In RAJ TALREJA V/S KAVITA TALREJA the parties had got married according to Hindu rites in 1989. The couple lived with the parents of the husband till the year 1999, and then they shifted to a residence of their own. It was after that, that the husband left the house and filed a divorce petition against his wife, as she had filed a suit for injunction thereby not permitting the husband in the matrimonial house. She followed this by making serious allegations against him through the newspaper which was upon her intimation. It didn’t end there, she filed a complaint to the State women’s commission with grave accusations and sent a similar letter to the chief justice of the high court and another complaint to the chief minister of the state. Later these accusations were found to be false. The wife lodged an FIR against the husband but the police found out that the injuries were self-inflicted and she was then initiated under Section 182 of the Indian Penal Code. Following that the husband moved a petition for divorce on the grounds of cruelty incorporating the facts of false complaints. The ratio decidendi of the Hon’ble court was even if the wife was in an agitated state of mind that did not give her any right to file defamatory statements against her husband. The court granted the divorce on the grounds of cruelty because those false accusations made by her to the government authorities had tarnished his reputation and false accusations like being beaten by her husband and family members, attempts to set her on fire were serious, and taking the note of that it had greatly affected husband’s reputation.

Likewise, the High court of Uttarakhand further widened the ambit in the case of ANITA GAUR V/S SRI RAJESH GAUR where the wife had borrowed money without the knowledge of the husband and stole jewelry and other precious ornaments from her own house when the money was not paid the goons started threatening her husband and allegations were made against him to be characterless and wife also lodged false complaints in woman cell. The court finally held the verdict in the favour of the husband and granted the divorce on the grounds of cruelty.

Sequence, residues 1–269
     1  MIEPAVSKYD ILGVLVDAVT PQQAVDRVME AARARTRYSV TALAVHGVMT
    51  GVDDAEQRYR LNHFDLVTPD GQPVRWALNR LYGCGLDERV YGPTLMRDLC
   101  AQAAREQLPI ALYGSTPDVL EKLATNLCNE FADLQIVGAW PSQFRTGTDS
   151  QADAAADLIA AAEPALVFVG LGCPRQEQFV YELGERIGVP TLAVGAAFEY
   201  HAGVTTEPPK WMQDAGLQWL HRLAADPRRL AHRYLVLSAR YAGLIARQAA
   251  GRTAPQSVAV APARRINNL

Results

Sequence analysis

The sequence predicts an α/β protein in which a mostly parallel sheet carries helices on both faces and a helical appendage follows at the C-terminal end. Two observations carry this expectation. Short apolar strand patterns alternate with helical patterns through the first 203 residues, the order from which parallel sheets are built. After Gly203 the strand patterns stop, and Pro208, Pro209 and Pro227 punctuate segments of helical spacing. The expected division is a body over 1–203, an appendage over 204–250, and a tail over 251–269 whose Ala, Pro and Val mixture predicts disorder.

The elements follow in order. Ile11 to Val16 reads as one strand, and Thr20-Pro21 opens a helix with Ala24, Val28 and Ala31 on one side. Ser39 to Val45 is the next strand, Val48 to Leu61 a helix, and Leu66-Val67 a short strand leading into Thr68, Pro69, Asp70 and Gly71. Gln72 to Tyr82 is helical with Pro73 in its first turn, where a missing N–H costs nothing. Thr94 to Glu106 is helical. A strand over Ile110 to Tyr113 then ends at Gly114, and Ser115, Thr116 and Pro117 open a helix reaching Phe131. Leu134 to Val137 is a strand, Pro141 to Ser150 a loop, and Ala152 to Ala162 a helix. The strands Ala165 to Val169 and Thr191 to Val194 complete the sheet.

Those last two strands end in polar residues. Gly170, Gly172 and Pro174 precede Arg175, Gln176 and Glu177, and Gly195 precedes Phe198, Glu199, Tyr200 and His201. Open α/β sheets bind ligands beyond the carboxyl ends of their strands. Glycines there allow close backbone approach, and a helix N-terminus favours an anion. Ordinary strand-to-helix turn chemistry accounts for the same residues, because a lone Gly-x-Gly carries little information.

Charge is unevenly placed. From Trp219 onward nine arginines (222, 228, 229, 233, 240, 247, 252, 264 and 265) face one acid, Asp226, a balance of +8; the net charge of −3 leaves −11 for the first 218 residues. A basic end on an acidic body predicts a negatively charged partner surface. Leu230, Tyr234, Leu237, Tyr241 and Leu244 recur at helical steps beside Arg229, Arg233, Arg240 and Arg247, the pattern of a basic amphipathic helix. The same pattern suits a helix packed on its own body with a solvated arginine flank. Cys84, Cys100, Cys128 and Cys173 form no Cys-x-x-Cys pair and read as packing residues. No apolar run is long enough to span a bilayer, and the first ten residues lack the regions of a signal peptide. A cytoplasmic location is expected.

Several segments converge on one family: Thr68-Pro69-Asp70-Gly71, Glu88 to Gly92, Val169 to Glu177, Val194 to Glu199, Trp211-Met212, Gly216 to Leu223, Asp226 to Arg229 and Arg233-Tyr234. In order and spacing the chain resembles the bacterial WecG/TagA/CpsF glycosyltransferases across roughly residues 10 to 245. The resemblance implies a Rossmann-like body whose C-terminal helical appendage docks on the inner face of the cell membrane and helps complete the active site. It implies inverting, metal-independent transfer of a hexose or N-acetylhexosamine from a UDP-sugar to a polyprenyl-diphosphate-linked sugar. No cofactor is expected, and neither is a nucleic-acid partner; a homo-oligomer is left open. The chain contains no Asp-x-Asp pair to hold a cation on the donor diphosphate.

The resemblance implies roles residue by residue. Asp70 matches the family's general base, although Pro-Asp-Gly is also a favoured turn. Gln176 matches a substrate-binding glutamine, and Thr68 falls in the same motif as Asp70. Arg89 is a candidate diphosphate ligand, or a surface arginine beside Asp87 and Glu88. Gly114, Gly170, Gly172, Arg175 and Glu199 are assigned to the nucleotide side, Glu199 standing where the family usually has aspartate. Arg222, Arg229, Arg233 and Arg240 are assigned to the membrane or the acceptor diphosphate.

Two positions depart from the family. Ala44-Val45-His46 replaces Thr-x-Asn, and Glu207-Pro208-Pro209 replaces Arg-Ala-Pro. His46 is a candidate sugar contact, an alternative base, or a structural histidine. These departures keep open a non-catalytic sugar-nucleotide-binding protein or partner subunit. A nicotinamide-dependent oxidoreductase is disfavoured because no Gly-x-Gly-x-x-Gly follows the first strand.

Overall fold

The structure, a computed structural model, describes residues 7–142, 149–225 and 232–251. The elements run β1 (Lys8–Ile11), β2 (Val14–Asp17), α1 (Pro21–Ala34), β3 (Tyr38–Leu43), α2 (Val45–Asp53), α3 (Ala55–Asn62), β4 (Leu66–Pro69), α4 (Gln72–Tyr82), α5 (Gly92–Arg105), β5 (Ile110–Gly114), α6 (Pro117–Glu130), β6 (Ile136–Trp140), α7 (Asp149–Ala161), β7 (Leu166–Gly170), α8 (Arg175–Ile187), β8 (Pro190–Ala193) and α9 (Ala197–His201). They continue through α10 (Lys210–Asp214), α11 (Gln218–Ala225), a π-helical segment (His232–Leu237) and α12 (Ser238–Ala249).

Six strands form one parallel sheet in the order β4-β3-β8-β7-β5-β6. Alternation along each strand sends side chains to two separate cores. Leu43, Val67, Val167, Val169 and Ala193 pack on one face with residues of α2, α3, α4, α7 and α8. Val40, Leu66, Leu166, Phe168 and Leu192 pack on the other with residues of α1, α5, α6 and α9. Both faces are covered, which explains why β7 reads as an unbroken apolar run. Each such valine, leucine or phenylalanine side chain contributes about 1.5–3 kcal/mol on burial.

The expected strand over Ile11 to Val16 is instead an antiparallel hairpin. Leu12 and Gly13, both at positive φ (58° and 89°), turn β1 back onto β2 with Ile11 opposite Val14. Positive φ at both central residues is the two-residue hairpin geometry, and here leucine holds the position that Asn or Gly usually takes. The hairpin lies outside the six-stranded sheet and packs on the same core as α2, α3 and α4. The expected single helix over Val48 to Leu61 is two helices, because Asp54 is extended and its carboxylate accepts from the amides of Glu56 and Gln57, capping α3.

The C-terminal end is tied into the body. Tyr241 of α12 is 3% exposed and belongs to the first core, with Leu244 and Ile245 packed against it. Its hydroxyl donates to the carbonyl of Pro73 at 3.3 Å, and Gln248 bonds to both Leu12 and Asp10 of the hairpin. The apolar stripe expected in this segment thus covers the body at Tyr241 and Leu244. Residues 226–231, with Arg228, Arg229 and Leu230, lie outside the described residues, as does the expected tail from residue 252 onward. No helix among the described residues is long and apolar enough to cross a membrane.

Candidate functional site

Nowadays, there has been an increase in the number of divorces filed but in the instance of cruelty, the cases have been comparatively less because people do prefer to settle it out of court and amongst themselves. It should be understood that these petitions should be filed in grave cases because normal fights and nit-picks are quite common in any matrimonial relationship but they should not be filed for trivial issues rather, for helping oneself to safeguard one’s rights in case of a violation. Concerning the laws on cruelty which are quite stringent made by the state laws so filing them cannot be at any instance. Steering towards the end of our discussion the answer to the case of Samar and Jaya lies in the fact that the sort of treatment he meted out from Jaya. So, Mr. Ghosh finally gets his wife divorced and leads an independent carefree life. So on an optimistic note people are not filing many cases for cruelty. It should be noted that filing multiple complaints can lead to tarnishing of one’s reputation and amounts to the lengthy procedure of courts.